Fool contributor Morgan Housel owns shares of VTI, Exxon, Microsoft, and Chevron. Follow him on Twitter @TMFHousel. The Motley Fool owns shares of International Business Machines and Microsoft. The Fool owns shares of Apple. Motley Fool newsletter services have recommended buying shares of Apple, ExxonMobil, Chevron, and Microsoft, as well as creating bull call spread positions in Apple and Microsoft. The Motley Fool has a disclosure policy. We Fools may not all hold the same opinions, but we all believe that considering a diverse range of insights makes us better investors. Try any of our Foolish newsletter services free for 30 days.

Read/Post Comments (14) | Recommend This Article (28)

Comments from our Foolish Readers

Help us keep this a respectfully Foolish area! This is a place for our readers to discuss, debate, and learn more about the Foolish investing topic you read about above. Help us keep it clean and safe. If you believe a comment is abusive or otherwise violates our Fool's Rules, please report it via the Report this Comment Report this Comment icon found on every comment.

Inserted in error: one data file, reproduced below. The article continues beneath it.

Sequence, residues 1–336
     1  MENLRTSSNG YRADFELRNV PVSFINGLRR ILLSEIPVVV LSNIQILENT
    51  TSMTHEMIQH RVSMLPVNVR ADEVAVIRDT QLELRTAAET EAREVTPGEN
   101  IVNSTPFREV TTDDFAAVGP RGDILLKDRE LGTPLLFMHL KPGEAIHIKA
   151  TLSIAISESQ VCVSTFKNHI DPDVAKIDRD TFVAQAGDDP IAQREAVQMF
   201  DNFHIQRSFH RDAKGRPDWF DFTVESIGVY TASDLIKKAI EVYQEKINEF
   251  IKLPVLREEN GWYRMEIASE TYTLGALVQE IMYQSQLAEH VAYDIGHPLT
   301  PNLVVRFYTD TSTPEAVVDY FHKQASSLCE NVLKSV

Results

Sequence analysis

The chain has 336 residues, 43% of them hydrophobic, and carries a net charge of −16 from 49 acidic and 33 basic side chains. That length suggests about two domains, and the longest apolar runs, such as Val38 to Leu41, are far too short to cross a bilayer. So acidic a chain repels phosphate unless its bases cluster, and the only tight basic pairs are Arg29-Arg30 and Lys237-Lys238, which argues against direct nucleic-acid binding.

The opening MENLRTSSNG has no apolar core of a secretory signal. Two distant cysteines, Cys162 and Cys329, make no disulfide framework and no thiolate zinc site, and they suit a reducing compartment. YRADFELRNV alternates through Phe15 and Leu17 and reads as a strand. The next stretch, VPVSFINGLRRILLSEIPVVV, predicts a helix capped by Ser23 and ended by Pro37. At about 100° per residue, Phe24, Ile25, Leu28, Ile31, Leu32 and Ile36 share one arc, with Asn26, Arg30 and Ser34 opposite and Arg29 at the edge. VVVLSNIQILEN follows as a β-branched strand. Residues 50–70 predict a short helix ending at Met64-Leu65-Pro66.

• Report this Comment On May 25, 2012, at 5:05 PM, Ravi786 wrote:

    I disagree with the index fund concept. It assumes that the market is rational which is flawed to begin. If you plan to be in the stock market, it is better to pick undervalued stocks that pay dividend and you can comfortably beat the index. I have been doing this and so far it is successful. Select companies that have (1) High ROA (2) low PE and PB (3) high yield compared to the broad market.

    This strategy worked in beating the index for the last 7 years. Do you have any comments that this strategy will fail.

  • Report this Comment On May 28, 2012, at 4:43 PM, beaurat wrote: